Controversy Over Gibson Movie But One Front In A Huge Attack On Catholicism
By Michael H. Brown
The Roman Catholic Church has done itself, humanity and gays a tremendous favor by so forcefully opposing homosexual marriage. For the first time in years, it has jumped ahead of the curve on an issue dominating the media -- and in that bold stroke, announced last week when the Vatican condemned support of gay marriage as "gravely immoral," a "legalization of evil," demonstrated that while a number of its clergy are of this unfortunate proclivity -- have even engaged in it with minors -- the Church itself is sound and staunchly opposed to such behavior and standing behind what is said in both the Old and New Testaments.
This is important not only for us to know, but also for those afflicted by homosexuality, who need our concern, love, and deliverance.
Recently, such excellent Church timing has not been operative, especially as concerns a culture that has turned markedly anti-Christian in general and anti-Catholic in particular. It was only two months ago that the Illinois bishops -- who have emerged as leaders of the U.S. Conference of Bishops -- publicly attacked the evangelical bestselling Left Behind books, which contain not only faulty theology but also a strong strain of anti-Catholicism (which is the way many unaffiliated churches keep their folds from returning to the Mother Church). Those books have been around as huge bestsellers since the 1990s, with virtual silence from the hierarchy in Rome. The same has been true with the occult-laden (and as such contra-Christian) Harry Potter books. Indeed, one priest on a Vatican committee even scoffed that they were worth worrying about and the U.S. Conference of Bishops once posted a review of a Potter movie lauding it as perhaps too violent but irresistibly entertaining.
That was not ahead of the curve. Excuse us for saying that this was trying to be "cool." This was submission to the culture.
Yet now we are seeing a new face to the Church. We are seeing great strength. We are seeing a new boldness. And it is strong, quick action that the Vatican needs to fend off the new assault. Consider The Magdalene Sisters, a new movie vilifying nuns, and the current runaway bestseller, The DaVinci Code -- which starts with a portrayal of Opus Dei, the spiritual movement founded by Josemaria Escriva, who was recently canonized, as one riddled with self-flagellating fanatics, a corrupt bishop, and an albino serial killer. It also sets forth a premise darkly arguing that certain aspects of Christ's life are legend; that the Church has suppressed the proper role of the goddess; and that there is nothing at all wrong with the pentagram (the symbol Satanists use).
War indeed! Sound the call. And in the U.S. Senate, the Democratic minority stalls Alabama Attorney General William H. Pryor Jr.'s appointment by President Bush to the U.S. Court of Appeals for the 11th Circuit in Atlanta. The highlight of the process saw Democrats attacking Pryor's "deeply held values" -- a term Republicans said reflects discrimination against Pryor's faithfulness to Catholic Church teachings.
"Anybody who gives money to a church that sends it to Rome is nothing but a grubby victim," writes columnist Jimmy Breslin today.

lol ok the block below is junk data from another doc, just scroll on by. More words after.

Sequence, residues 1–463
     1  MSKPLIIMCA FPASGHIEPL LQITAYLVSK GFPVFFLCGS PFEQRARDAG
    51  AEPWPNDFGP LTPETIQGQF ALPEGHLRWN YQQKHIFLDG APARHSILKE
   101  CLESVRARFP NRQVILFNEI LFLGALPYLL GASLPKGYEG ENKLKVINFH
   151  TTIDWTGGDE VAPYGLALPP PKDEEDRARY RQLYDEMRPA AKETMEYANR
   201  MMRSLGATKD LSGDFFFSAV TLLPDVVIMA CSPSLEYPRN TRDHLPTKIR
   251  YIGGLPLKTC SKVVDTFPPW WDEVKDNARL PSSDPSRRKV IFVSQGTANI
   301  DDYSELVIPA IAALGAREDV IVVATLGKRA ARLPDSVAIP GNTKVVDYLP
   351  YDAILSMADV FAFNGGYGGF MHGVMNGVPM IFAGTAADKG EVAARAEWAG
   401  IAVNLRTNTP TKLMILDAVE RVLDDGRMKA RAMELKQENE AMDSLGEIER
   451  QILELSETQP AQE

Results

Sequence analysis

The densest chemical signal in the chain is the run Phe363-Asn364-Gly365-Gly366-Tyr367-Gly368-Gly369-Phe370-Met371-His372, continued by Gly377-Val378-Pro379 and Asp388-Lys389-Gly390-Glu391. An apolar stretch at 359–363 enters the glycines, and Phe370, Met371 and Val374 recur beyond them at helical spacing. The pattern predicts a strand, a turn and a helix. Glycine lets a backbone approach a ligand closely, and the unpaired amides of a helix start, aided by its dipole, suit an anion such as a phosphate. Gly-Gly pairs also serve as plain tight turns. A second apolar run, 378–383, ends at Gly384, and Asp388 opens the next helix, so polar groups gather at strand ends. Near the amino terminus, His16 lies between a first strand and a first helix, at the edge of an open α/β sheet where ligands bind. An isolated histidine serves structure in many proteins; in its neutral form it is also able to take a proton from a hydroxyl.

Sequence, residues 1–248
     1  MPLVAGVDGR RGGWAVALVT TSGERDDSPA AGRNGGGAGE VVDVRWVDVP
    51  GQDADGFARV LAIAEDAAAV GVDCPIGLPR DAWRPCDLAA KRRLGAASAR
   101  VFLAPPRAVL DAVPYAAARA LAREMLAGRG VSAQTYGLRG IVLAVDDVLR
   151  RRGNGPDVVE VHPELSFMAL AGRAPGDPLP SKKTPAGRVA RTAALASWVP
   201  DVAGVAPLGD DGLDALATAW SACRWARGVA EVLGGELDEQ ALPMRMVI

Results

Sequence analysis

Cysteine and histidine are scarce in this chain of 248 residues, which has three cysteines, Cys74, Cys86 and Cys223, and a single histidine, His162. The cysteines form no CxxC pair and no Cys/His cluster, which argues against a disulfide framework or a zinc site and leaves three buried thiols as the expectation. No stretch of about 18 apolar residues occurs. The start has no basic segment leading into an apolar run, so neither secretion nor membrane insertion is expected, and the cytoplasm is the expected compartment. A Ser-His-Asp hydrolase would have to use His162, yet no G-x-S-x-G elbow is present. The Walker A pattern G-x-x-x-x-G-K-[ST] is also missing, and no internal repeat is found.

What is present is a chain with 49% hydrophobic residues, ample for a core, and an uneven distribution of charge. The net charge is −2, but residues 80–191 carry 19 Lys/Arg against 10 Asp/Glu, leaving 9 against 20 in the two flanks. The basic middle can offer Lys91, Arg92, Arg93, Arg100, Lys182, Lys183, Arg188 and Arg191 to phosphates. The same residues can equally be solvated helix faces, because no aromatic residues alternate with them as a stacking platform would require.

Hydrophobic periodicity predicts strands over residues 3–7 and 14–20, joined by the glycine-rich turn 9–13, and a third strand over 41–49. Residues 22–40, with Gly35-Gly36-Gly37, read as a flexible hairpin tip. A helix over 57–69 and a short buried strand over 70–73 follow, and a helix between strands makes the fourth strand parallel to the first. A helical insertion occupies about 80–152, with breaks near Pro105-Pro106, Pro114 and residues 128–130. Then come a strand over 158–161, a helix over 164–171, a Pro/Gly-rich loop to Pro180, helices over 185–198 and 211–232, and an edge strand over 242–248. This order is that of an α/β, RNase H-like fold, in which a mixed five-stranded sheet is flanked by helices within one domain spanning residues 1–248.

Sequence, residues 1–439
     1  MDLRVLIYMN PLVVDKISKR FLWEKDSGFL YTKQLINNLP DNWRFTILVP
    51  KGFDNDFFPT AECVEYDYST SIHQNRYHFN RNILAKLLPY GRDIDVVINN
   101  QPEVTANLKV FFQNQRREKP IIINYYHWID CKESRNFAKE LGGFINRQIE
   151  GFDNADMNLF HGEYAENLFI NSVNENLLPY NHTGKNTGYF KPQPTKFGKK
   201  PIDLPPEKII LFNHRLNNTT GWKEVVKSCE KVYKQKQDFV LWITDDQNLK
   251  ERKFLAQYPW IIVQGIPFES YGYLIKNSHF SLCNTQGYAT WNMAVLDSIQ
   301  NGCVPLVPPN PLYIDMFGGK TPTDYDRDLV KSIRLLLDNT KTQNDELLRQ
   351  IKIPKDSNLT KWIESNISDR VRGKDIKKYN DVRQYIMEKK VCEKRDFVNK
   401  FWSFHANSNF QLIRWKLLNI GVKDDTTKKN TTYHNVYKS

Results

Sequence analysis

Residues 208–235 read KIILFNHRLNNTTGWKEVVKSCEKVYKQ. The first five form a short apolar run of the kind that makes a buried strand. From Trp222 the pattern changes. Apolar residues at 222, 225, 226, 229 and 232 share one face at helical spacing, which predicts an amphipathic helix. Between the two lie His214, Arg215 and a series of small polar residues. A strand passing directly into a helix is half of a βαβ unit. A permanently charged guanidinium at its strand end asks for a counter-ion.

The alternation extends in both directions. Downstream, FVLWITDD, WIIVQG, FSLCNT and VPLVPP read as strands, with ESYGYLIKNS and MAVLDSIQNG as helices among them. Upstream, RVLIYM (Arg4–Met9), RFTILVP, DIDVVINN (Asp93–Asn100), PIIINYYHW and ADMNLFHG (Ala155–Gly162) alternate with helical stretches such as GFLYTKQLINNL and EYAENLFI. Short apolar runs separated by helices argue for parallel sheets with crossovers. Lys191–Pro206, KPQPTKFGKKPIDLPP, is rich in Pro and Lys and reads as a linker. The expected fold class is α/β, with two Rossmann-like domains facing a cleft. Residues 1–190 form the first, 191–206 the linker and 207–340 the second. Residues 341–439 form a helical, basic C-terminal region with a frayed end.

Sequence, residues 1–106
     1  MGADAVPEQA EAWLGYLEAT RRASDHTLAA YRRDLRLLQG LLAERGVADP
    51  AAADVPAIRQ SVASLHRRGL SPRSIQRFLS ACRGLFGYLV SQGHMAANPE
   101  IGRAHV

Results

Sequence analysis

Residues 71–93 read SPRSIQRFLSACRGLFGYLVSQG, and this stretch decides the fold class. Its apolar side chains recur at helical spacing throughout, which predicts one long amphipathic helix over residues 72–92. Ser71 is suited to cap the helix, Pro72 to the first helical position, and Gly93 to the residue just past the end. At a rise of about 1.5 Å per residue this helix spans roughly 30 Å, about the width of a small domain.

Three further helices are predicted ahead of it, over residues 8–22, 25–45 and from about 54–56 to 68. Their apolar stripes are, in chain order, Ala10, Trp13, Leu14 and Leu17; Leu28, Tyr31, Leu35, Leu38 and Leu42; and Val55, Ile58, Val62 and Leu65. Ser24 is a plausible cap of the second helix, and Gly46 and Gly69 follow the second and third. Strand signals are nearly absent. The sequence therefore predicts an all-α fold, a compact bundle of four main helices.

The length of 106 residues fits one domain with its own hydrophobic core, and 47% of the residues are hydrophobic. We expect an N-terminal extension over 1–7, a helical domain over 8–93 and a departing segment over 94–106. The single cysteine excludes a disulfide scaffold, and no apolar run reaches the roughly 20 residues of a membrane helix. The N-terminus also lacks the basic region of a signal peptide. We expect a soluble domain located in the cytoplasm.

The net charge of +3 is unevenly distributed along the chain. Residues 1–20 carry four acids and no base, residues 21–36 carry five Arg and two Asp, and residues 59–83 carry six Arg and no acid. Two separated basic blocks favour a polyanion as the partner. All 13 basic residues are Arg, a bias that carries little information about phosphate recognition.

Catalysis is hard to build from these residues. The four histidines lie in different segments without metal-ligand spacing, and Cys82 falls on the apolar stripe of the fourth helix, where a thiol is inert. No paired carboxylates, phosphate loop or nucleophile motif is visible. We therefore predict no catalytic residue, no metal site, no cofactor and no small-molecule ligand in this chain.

"Vatican's old men just got more out of touch," adds a headline on another column, this one by Mike Barnicle (who until he was involved in a scandal worked for another great friend of the Church, The Boston Globe, which, speaking of recent journalistic scandals, is owned by The New York Times).
I write as one who has worked with many branches of the media, including The Times. In fact, it was The Times that initially propelled by career. But I also know that it is a dark cavern of agnosticism, of disdain for Christianity, especially Catholicism, and this burbled to the surface over the weekend when it took another shot at actor-director Mel Gibson for his upcoming movie on Christ's Passion. "Seven months before its scheduled release on Ash Wednesday, the film has set off an uproar that both sides warn could undermine years of bridge building between Christians and Jews," said The Times last Saturday -- trying to stoke up yet more opposition by Jews, who fear the movie will depict them as the "Christ-killers" (when there is no evidence whatsoever that it does, nor that it remotely intended anything but a realistic portrayal). "The dialogue is in Aramaic and Latin," goes on the hostile article. "Scholars say that belies the assertion of total authenticity, because the Romans spoke Greek.
"Mr. Gibson also set off alarms among the scholars when reports quoted him as saying his script had drawn on the diaries of Sister Anne Catherine Emmerich, a 19th-century mystic whose visions included extrabiblical details like having the Jewish high priest order that Jesus' cross be built in the Jewish temple."
And so on. Such diatribes, often subtle and well-couched, are increasingly prevalent, a classic cultural confrontation. Exactly half of Americans oppose homosexual unions, and half are in favor. It is becoming a defining issue as abortion has been a defining issue. The gay issue is exploding -- Episcopalians are ready to okay their first homosexual bishop -- and the Vatican is leading the charge against it, as it should. If it doesn't, its critics will feel emboldened and take a step beyond what is thus far only a verbal persecution.
Resources: Prayer of the Warrior
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